The present invention relates to a process for the preparation of bulk shaped ceramic articles and the articles prepared by this process. The articles are formed by molding castable and pressable mixtures of ceramic foam particulate material. A possible but not limiting example of inorganic ceramic foam material which can be utilized are materials formed by the liberation of volatile reaction products, during an inorganic gelation process as disclosed in the application, U.S. Ser. No. 09/647,211. Articles which can be obtained from this process include but are not limited to, filters, thermal insulators, acoustic insulation, kiln furniture, ceramic pipes, sound absorbers, building materials and catalyst supports.
DETAILED DESCRIPTION OF THE INVENTION
The present invention relates to a process for the preparation of bulk shaped ceramic article comprising the steps of:
Contacting the ceramic foam particulate material with a hydrophobic material to form impregnated and/or coated ceramic foam with hydrophobic properties.
mixing ceramic binder materials with an appropriate aqueous solution to provide an aqueous suspension of ceramic binder;
mixing the aqueous suspension of ceramic binder with the impregnated and/or coated ceramic foam particulate materials to form a castable or pressable mixture; and
casting or pressing the castable or pressable mixture into a mold to form a wet green body. Pressure may be optionally applied to the material in the mold. The wet green body formed in the mold is then removed from the mold (demolding step) and dried to form a dried green body. The dried green body is fired to burn out the organic components and sintered to form a sintered, bulk-shaped ceramic article product. A possible ceramic foam particulate material are those formed by liberation of volatile reaction products during an inorganic gelation process.
An example of hydrophobic material used in the impregnation step is a solution of an organic acid with a long hydrophobic tail (i.e. stearic acid). An aqueous composition is used to form the ceramic binder suspension can contain various materials in addition to water such as, for example, any appropriate water soluble polymer (i.e. polyvinyl alcohol PVA or polyacrylic acid) which will act as a temporary binder in the green state. The ceramic binder is any material that is stable at high temperature and is compatible with the impregnated and coated ceramic foam particulate material useful such binder include, for example, aluminum phosphate and calcium aluminate.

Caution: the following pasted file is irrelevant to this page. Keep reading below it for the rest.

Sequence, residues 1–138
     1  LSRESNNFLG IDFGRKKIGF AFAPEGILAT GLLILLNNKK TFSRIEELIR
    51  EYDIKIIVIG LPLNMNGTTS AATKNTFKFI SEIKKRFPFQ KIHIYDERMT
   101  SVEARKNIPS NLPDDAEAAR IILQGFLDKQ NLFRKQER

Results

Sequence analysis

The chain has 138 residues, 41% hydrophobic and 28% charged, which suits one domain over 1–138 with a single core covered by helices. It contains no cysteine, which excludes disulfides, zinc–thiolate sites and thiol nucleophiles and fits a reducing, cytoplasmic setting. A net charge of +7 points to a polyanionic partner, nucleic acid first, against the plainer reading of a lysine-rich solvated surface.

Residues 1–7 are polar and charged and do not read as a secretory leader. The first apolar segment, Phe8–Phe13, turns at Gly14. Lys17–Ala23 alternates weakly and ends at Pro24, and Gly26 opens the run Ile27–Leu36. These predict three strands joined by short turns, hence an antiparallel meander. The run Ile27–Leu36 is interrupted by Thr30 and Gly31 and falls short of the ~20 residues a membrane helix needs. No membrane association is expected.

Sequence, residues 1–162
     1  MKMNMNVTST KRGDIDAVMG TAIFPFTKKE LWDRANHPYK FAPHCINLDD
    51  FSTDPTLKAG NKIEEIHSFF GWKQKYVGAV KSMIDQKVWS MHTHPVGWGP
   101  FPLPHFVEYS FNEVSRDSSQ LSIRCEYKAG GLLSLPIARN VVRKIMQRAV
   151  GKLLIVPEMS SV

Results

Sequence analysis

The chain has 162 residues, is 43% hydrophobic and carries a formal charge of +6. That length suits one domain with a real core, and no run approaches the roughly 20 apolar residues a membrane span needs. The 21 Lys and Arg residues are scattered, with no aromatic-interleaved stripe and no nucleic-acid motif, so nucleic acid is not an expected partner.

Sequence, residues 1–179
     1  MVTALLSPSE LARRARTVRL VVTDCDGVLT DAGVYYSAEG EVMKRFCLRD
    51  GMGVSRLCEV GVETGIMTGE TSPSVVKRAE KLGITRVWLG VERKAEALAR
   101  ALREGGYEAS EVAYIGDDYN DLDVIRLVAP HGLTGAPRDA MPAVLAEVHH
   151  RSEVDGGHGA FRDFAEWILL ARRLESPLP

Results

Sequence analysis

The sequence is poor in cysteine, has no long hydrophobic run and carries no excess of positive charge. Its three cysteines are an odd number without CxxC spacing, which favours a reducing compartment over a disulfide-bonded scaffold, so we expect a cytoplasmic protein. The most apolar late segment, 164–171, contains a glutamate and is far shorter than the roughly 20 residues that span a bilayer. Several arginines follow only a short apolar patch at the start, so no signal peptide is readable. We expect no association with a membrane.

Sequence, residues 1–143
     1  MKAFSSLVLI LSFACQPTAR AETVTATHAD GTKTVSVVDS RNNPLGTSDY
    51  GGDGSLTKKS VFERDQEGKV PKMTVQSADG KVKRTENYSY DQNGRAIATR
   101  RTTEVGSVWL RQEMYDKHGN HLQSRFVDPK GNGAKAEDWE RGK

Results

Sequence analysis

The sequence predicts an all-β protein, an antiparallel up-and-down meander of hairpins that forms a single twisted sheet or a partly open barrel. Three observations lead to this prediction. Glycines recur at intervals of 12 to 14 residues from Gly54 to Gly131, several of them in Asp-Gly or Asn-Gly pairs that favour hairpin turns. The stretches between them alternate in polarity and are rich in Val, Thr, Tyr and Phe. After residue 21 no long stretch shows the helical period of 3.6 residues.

The castable and pressable mixture can be molded for an appropriate time to allow production of the wet green product. This time period is dependent on the materials used in making the wet green product and can easily be determined by the artisan. Typical time periods can be, for example, for about 2 to about 24 hours. The casting can be carried out at an appropriate temperature which is also determinable by the artisan but can conveniently be at room temperature. Pressing can be conducted at an appropriate pressure as, for example, 0.4-5.0 kg/cm2 to form a wet green body.
The wet green body can be dried for an appropriate time which is dependent on the materials constituting the green body. The wet green body can be dried for about 2 to 24 hours at approximately 40°-80° C.
After drying, the dried green body is fired and sintered. Sintering can be carried under appropriate sintering conditions. Such sintering conditions are well-known to those working in this art area and can be readily determined based on normal conditions useful for the materials undergoing sintering. Possible but not limiting conditions might require, for example, about 3 to 20 hours at approximately 1000°-1800° C. to form a bulk shape ceramic article product. The density and porosity of the product of sintering is dictated by the nature of the material which is being sintered and by the sintering conditions. The ordinary artisan is fully capable of determining proper conditions resefuel to obtain a product having a desirable range of density and porosity.